Top 25 Nintendo Games Of All Time: 21-25

If there's one video game company in the industry that knows its audience it would have to be Nintendo. Not only has the Japanese publisher been churning out hit after hit, they have been revolutionizing and leading the industry since 1983 when the Nintendo Entertainment System (NES) launched in 1983 in Japan and 1985 in North America. They have moved from console to console and have never even looked back once — okay, maybe the Virtual Boy was a mistake — as they continue to push forward with new entries in their popular series while also introducing titles to keep it fresh.

GameZone has gathered our staff to discuss the Top 25 Nintendo published games of all time. Over a month period of time, we deliberated, we debated, we even exchanged a few red turtle shells to knock each other out of the running to nominate our favorite games, but most importantly, we gave tender care to our personal list that we reveal to you today.

25. Punch-Out "Just about every boxing game ever is more realistic than Punch-Out!!, but none of them match up with entertainment value. Moving up the ranks from one absurd stereotype to the next may have demanded a ton of pattern recognition, but it was so well-designed that it never felt unfair or frustrating. The climb to Mike Tyson was something you earned, unless you just used a code to skip to the end." – Joe Donato

"The original Punch-Out!! arcade game wasn't nearly as fun as it could've been, due to its dual-screen gimmickry and installation of a quickie knockout button. But the NES version, with its simpler execution and visual display, was nothing short of a champion. The varieties of enemies you face, from King Hippo to Mike Tyson (in earlier versions of the game), make it worth fighting through over and over again. Check out the Wii version if you get a chance, too." – Robert Workman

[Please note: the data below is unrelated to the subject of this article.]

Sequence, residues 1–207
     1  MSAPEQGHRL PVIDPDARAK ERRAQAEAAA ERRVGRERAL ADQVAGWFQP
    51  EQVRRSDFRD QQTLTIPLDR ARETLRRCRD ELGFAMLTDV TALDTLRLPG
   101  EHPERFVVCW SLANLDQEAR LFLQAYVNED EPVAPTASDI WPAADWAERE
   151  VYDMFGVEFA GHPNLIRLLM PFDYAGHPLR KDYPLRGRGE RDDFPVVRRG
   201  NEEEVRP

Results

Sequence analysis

"This is the game that made us appreciate video game boxing. Sure, it was loosely based on the sport, but it was fun as hell. We didn't know it at the time, but Punch-Out!! was a hard lesson in pattern recognition and lightning fast reflexes. It schooled us, and very few had the patience, skill and the cojones to beat it." – Jacob Lopez

24. Super Smash Bros. Melee "Nintendo fans dreams came true when they were able to go settle the feud between Link and Mario in Super Smash Bros. The sequel, Super Smash Bros. Melee not only sported superior graphics, but upped the roster to 26 characters, added more character-themed stages and so many unlockables, that fans are still aiming to unlock everything to this day. Its multiplayer gave reason for people to gather in the living room to settle their differences and even spawned major tournaments. It's no wonder that Melee is the Gamecube's best selling game." – Michael Splechta

"The Super Smash Brothers series is a crazy idea that paid off. For the first time people could answer the "who would beat who in a fight" scenarios. As the second game in the series, it improved upon the first game by having a bigger roster and better stages to fight in. I had many sleepless nights I endured due to play just one more round." – Michael Knutson

"Brawl for the Wii is the new kid, but Melee still stands as the most balanced and accessible entry. Melee features a superstar cast of Nintendo gaming, but who doesn't love the chance to laugh at their friends after beating them mercilessly with Jigglypuff?" – Brian Rowe